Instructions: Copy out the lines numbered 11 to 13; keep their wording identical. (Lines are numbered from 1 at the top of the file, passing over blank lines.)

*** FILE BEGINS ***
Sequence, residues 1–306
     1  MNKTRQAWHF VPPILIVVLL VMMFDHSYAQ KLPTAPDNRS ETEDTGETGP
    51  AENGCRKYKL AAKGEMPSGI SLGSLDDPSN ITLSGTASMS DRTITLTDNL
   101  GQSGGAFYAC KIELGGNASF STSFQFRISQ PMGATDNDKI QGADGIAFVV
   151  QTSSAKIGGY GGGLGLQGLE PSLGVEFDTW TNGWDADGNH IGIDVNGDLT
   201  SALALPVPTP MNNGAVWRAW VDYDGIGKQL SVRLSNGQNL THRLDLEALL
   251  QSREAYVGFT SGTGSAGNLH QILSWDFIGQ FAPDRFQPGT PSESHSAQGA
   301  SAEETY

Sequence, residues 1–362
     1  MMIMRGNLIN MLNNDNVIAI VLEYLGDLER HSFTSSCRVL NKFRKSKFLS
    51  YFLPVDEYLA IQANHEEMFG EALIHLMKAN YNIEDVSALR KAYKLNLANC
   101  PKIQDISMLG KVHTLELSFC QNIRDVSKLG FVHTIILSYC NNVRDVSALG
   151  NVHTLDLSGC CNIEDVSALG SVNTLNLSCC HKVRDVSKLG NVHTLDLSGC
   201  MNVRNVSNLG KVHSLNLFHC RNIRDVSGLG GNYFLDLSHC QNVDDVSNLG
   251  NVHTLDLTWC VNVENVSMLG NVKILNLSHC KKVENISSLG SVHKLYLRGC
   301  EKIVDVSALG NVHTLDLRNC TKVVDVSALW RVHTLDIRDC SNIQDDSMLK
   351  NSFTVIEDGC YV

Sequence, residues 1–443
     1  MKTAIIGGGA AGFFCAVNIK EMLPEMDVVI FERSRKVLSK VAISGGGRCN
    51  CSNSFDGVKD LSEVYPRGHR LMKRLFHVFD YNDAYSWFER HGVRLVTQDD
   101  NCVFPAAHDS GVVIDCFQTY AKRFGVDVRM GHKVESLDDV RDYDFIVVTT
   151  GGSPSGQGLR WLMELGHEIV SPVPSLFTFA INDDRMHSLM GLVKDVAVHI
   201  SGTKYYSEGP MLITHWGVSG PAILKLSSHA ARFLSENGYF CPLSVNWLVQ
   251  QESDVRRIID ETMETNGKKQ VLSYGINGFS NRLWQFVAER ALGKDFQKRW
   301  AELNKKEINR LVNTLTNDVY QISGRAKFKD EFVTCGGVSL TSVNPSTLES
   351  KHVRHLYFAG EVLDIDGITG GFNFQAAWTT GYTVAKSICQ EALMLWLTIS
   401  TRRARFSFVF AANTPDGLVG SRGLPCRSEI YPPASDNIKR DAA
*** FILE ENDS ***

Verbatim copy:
    51  YFLPVDEYLA IQANHEEMFG EALIHLMKAN YNIEDVSALR KAYKLNLANC
   101  PKIQDISMLG KVHTLELSFC QNIRDVSKLG FVHTIILSYC NNVRDVSALG
   151  NVHTLDLSGC CNIEDVSALG SVNTLNLSCC HKVRDVSKLG NVHTLDLSGC